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Is Your Small Business Being Audited by the IRS?

An audit can be stressful for any business owner, and even more so for those that bend the rules or do not keep organized business books. Today, we address 5 common factors the IRS considers when auditing small businesses. We also always recommend working with an accountant to help you navigate your audit!

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1. Does your business handle primarily cash?

If so, ensure you have a consistent and organized way to record transactions if they occur. Ensure you do not round and double check all of your calculations. Even better, work with a CPA to handle your bookkeeping so you can be sure your books are correct and organized. Because cash is more difficult to verify transactions with, it is extra important you establish a paper trail especially when making business expense purchases!

2. Are you business expending correctly?

Be sure that business expenses you right off are just that: business expenses. If you use your car both for business and personally, be sure to track your mileage using an app or a detailed record. Also be careful when writing off personal expenses as business expenses. If an auditor sees a large expense deducted that is actually a personal expense, they may add a penalty fee on top of disallowing the expense. Be sure to also track all meals and travel expenses for your business. If you bring family on a business trip, for example, be sure to separate their costs from your when deducting your trip's expenses.

3. Are you reporting all transactions with receipts?

If you fail to report a significant amount of business income, this appears as a major red flag to an auditor. In this case, it is strongly recommended you hire a tax professional to guide you through your audit. If there was simply a transaction mistake, you may be able to just pay the interest and 20% penalty in lieu of an investigation. If you have accounts offshore, be sure to report these, as well! Additionally, if you have income from foreign countries, you be eligible for a foreign earned income tax exclusion. Consult your tax professional to see if you qualify!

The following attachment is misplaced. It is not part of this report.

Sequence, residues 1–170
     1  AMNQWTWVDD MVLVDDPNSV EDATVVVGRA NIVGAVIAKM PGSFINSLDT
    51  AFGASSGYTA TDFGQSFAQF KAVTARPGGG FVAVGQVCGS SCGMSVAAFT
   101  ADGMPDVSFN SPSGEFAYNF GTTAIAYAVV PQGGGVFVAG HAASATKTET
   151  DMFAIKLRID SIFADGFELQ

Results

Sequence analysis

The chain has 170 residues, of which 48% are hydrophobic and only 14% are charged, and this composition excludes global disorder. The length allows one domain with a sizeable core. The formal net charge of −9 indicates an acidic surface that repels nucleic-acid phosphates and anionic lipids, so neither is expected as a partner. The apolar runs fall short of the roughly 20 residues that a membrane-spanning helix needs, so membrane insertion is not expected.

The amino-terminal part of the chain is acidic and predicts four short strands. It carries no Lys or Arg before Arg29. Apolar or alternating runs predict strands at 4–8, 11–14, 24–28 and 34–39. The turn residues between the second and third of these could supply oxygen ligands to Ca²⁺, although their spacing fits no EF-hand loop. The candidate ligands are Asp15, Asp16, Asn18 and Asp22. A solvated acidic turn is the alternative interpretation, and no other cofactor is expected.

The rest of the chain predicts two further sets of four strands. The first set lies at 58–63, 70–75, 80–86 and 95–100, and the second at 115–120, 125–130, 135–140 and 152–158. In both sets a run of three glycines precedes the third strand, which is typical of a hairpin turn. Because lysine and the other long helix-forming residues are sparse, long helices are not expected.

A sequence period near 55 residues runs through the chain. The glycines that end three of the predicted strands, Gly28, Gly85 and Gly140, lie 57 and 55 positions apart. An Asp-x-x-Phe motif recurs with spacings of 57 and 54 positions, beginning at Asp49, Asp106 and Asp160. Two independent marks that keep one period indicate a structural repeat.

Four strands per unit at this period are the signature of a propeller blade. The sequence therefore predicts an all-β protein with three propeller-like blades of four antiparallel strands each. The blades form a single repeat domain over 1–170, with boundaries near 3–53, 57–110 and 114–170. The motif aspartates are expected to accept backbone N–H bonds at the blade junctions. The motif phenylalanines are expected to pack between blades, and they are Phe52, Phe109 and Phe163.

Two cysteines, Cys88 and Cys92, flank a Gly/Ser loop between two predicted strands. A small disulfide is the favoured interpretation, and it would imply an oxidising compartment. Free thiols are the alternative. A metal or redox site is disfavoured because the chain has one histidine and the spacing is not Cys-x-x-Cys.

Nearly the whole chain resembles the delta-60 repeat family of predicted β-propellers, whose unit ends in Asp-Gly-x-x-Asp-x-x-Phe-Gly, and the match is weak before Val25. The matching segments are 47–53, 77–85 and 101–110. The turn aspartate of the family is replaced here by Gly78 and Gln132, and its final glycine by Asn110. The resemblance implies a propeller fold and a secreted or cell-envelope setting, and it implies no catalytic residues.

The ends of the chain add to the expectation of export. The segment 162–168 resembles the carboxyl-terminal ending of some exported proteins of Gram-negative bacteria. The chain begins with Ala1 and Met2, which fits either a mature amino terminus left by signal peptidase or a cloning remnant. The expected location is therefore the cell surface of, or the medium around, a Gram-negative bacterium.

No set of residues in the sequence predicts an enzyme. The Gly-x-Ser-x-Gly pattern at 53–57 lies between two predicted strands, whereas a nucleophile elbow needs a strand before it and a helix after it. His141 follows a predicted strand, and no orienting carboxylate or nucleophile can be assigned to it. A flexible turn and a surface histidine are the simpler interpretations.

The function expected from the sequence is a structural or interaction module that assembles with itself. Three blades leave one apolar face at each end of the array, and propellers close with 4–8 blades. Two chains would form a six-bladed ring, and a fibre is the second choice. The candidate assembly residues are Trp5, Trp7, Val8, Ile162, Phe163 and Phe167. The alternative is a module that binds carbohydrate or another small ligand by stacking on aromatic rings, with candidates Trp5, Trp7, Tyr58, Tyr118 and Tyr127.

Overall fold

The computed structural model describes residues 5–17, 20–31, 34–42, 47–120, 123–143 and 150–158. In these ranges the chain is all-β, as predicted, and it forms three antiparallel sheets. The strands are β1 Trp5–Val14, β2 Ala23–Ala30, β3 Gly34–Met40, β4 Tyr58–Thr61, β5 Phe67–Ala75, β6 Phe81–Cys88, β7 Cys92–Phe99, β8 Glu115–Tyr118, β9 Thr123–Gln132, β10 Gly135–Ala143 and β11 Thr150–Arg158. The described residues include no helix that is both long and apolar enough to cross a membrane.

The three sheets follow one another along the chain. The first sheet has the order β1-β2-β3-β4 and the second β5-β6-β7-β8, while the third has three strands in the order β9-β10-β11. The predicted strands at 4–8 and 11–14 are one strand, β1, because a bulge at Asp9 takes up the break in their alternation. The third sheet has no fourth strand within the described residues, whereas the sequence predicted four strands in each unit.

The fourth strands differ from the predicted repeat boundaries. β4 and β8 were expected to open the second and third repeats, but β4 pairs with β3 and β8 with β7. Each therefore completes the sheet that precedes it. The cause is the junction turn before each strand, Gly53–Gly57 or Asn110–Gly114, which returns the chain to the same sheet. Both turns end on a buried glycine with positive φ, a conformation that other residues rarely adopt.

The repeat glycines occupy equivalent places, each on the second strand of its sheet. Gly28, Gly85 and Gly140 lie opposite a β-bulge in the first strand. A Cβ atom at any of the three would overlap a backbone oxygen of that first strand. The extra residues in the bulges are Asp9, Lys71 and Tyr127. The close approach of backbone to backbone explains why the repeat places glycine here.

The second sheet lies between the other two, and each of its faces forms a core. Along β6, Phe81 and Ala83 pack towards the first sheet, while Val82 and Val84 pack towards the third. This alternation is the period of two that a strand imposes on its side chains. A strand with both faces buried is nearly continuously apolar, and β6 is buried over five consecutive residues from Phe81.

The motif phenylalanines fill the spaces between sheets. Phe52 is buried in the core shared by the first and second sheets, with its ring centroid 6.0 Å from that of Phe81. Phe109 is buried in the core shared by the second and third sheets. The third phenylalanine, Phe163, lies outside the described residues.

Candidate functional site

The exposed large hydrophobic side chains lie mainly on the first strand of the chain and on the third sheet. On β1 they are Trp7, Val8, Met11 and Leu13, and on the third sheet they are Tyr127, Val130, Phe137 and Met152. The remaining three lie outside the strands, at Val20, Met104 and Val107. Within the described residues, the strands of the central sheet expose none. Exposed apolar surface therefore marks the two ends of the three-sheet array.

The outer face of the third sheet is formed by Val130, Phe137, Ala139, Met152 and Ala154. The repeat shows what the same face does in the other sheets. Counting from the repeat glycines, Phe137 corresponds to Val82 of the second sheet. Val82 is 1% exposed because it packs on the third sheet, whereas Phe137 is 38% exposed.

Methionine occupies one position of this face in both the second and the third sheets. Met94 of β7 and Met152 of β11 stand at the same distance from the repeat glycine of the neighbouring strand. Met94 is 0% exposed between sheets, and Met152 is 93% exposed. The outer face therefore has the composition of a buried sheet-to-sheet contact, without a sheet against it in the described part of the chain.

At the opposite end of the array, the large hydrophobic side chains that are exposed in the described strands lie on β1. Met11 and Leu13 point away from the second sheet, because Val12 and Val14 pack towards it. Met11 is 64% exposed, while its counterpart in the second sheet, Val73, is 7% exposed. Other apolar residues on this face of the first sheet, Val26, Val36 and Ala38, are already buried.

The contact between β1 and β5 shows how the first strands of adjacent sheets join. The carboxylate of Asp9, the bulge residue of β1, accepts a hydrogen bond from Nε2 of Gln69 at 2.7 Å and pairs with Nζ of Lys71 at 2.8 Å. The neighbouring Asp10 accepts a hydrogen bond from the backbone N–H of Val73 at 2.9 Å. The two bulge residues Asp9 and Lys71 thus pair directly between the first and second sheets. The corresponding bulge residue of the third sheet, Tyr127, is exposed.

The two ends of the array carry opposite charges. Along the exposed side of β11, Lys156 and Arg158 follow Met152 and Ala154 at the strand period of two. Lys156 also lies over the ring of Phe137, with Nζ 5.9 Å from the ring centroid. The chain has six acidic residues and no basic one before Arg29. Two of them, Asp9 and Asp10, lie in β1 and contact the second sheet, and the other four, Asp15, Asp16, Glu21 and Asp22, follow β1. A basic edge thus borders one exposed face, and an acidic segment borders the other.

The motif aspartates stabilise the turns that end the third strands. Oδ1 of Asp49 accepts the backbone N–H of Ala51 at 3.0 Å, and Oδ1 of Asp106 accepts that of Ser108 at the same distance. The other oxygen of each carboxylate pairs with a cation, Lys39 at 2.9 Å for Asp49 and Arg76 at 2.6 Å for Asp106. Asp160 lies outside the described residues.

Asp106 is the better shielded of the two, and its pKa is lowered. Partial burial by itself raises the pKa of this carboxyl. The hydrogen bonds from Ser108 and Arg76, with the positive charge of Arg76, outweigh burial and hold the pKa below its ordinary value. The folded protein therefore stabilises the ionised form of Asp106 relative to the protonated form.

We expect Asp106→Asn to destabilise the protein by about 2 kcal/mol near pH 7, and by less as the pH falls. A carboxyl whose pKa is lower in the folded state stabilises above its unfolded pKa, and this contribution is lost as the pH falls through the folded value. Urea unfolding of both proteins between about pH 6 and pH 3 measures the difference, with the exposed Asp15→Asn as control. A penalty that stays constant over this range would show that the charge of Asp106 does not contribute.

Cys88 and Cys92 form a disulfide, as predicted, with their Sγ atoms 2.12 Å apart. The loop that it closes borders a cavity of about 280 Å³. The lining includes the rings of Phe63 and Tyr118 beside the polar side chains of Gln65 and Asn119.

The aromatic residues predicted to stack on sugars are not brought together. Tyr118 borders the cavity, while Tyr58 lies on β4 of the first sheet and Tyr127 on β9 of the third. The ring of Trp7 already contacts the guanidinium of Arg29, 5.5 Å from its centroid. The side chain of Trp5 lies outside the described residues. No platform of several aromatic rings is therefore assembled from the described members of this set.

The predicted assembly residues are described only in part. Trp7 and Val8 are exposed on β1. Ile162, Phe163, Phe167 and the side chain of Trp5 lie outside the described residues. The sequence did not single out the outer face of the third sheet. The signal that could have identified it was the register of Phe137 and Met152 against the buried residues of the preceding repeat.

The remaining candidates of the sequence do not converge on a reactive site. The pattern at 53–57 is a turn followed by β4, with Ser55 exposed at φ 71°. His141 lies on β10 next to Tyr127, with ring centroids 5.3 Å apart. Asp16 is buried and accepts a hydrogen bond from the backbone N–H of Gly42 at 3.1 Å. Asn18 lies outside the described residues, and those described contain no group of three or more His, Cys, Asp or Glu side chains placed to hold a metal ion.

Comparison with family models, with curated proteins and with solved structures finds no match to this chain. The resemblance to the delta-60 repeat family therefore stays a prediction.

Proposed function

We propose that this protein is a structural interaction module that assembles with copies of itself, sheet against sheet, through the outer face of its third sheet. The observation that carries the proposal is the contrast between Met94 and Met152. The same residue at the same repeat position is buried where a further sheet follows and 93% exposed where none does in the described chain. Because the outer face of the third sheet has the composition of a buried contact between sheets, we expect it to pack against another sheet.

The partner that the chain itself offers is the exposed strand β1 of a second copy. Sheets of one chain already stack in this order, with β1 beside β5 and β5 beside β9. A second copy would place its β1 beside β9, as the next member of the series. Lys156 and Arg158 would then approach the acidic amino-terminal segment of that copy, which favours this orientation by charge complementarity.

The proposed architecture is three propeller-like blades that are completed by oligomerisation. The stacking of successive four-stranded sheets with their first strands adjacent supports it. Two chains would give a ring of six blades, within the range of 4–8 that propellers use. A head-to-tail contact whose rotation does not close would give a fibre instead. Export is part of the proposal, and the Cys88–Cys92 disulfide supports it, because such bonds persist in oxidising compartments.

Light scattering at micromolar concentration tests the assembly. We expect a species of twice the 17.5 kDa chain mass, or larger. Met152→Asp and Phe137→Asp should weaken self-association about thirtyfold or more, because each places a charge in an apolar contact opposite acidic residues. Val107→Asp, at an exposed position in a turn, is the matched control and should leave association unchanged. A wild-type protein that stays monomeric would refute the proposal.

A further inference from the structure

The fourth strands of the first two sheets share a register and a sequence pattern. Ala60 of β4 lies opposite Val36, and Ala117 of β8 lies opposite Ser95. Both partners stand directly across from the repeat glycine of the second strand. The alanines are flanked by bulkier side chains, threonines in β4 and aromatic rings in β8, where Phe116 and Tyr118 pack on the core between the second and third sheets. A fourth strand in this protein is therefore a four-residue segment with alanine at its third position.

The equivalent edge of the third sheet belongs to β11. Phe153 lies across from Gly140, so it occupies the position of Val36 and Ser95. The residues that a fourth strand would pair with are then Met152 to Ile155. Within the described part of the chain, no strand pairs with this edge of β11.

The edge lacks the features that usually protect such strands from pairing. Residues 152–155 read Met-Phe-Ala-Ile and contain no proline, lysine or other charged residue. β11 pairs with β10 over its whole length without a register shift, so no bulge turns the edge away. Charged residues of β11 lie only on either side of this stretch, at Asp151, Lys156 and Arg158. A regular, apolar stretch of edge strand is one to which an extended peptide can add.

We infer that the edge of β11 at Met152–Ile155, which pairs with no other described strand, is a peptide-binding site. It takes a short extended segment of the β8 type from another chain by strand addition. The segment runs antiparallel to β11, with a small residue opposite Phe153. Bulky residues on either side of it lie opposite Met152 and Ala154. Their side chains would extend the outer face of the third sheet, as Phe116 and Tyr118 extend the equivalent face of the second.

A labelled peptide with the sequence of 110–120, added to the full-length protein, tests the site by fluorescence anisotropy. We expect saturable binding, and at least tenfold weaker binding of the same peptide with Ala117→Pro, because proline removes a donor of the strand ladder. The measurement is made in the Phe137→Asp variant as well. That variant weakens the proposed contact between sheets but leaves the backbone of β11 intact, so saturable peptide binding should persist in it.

4. Do you hire independent contractors instead of employees?

Because the rules are different regarding independent contractors versus employees, many times a small business will choose to hire contractors to save taxes. In fact, approximately 30%of companies misclassify employees according to the Labor department. However, this is regarded as a serious issue to the IRS because it costs the U.S. government tax dollars that would otherwise be paid if taxes were automatically withheld from their paychecks. Not sure if your contractors are employees or vice versa? Here's a link to a great questionnaire to help you decide!

5. Are you paying the right amount of payroll taxes and making the proper tax payments?

Employment taxes are routinely part of every small business audit. Be sure to record all net losses and gains year-over-year. This issue often returns back to if you misclassify employees versus independent contractors. Once again, the best way to stay clear of any mishaps is to keep detailed records of your business finances, or better yet, work with an accounting firm to let the professionals handle the nitty gritty of your finances.


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